We give the original with two translations.4
Veni, Creator Spiritus,
Mentes tuorum visita.
Imple superna gratia
Quo tu creasti pectora.

Creator, Spirit, Lord of Grace,


O make our hearts Thy dwelling-place,
And with Thy might celestial aid
The souls of those whom Thou hast made.
Qui Paracletus diceris,
Donum Dei altissimi,
Fons vivus, ignis, charitas,
Et spiritalis unctio.

Come from the throne of God above,


O Paraclete, O Holy Dove,
Come, Oil of gladness, cleansing Fire,
And Living Spring of pure desire.
Tu septiformis munere,
Dextrae Dei tu digitus,
Tu rite Promissum Patris,
Sermone ditans guttura.

O Finger of the Hand Divine,


The sevenfold gifts of Grace are Thine,
And touched by Thee the lips proclaim
All praise to God’s most holy Name.
Accende lumen sensibus,
Infunde amorem cordibus;
Infirma nostri corporis,
Virtute firmans perpetim.
5

Then to our souls Thy light impart,


And give Thy Love to every heart
Turn all our weakness into might,
O Thou, the Source of Life and Light.
Hostem repellas longius,
Pacemque dones protinus.
Ductore sic te praevio,
Vitemus omne noxium.

Protect us from the assailing foe,


And Peace, the fruit of Love, bestow;
Upheld by Thee, our Strength and Guide,
No evil can our steps betide.
Per te sciamus, da Patrem,
Noscamus atque Filium,
Te utriusque Spiritum,
Credamus omni tempore.

Spirit of Faith, on us bestow


The Father and the Son to know;
And, of the Twain, the Spirit, Thee;
Eternal One, Eternal Three.
[Sit laus Patri cum Filio,
Sancto simul Paracleto,
Nobisque mittat Filius
Charisma Sancti Spiritus
.]6

To God the Father let us sing;


To God the Son, our risen King;
And equally with These adore
The Spirit, God for evermore.
[Praesta hoc Pater piissime,
Patrique compar unice,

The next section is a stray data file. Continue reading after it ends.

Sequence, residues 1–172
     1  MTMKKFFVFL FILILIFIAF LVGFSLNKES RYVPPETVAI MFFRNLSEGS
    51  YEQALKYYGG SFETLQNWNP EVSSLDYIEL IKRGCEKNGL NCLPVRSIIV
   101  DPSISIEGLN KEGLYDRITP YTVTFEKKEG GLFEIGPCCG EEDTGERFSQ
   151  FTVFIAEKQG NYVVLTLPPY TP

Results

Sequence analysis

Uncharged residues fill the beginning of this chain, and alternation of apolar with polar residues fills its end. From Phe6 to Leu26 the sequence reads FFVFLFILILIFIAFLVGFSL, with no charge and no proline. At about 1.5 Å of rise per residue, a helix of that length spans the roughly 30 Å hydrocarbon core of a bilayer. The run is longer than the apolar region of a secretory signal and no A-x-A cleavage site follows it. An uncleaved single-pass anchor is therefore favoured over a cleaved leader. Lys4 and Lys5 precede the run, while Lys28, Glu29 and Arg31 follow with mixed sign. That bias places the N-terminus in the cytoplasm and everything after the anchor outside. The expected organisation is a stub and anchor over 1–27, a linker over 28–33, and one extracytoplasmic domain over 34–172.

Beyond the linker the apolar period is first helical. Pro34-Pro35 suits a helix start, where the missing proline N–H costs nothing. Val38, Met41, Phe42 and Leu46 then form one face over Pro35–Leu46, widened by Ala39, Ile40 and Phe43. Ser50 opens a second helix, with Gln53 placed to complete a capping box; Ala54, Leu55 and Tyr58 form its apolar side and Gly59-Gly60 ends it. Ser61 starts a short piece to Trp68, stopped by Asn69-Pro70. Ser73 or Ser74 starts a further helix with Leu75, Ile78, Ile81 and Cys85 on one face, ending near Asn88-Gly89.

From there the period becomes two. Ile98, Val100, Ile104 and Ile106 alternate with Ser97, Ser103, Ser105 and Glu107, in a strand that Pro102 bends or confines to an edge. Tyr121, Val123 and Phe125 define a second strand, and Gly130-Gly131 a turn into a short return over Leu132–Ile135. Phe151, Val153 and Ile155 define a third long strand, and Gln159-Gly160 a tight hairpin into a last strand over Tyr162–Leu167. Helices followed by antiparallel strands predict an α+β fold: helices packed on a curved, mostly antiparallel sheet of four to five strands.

Cum Spiritu Paracleto,
Regnans per omne saeculum
.] See note above.

O Holy Ghost, Creator come!


Thy people's minds pervade;

And fill, with Thy supernatural grace,


The souls which Thou hast made.
Kindle our senses to a flame,
And fill our hearts with love,

And, through our bdies' weakness,


still

Pour valor from above!


Thou who art called the Paraclete,
The gift of God most high–

Thou living fount, and fire and love,


Our spirit's pure ally;
Drive further off our enemy,
And straightway give us peace;

That with Thyself as such a guide,


We may from evil cease.
Thou sevenfold giver of all good;
Finger of God's right hand;

Thou promise of the Father, rich


In words for every land;
Through Thee may we the Father
know,
And thus confess the Son;

For Thee, from both the Holy


Ghost,
We praise while time shall run.
In this connection we mention the Veni, Sancte Spiritus, the other great pentecostal hymn of the middle ages. It is generally ascribed to King Robert of France (970–1031), the son and success or of Hugh Capet.7 He was distinguished for piety and charity, like his more famous successor, St. Louis IX., and better fitted for the cloister than the throne. He was disciplined by the pope (998) for marrying a distant cousin, and obeyed by effecting a divorce. He loved music and poetry, founded convents and churches, and supported three hundred paupers. His hymn reveals in terse and musical language an experimental knowledge of the gifts and operations of the Holy Spirit upon the heart. It is superior to the companion hymn, Veni, Creator Spiritus. Trench calls it "the loveliest" of all the Latin hymns, but we would give this praise rather to St. Bernard’s Jesu dulcis memoria ("Jesus, the very thought of Thee"). The hymn contains ten half-stanzas of three lines each with a refrain in ium. Each line has seven syllables, and ends with a double or triple rhyme; the third line rhymes with the third line of the following half-stanza. Neale has reproduced the double ending of each third line (as "brilliancy"—"radiancy").
Veni, Sancte Spiritus,
Et emittee coelitus
Lucis tuae radium.

Holy Spirit, God of light!


Come, and on our inner sight
Pour Thy bright and heavenly ray!
Veni, Pater pauperum,
Veni, dator munerum,
Veni, lumen cordium.

Father of the lowly! come;


Here, Great Giver! be Thy home,
Sunshine of our hearts, for aye!
Consolator optime,
Dulcis hospes animae,
Dulce refrigerium:

Inmost Comforter and best!


Of our souls the dearest Guest,
Sweetly all their thirst allay;
In labore requies,
In aestu temperies,
In fletu solatium.

In our toils be our retreat,


Be our shadow in the heat,
Come and wipe our tears away.
O lux beatissima,
Reple cordis intima,
Tuorum fidelium.

O Thou Light, all pure and blest!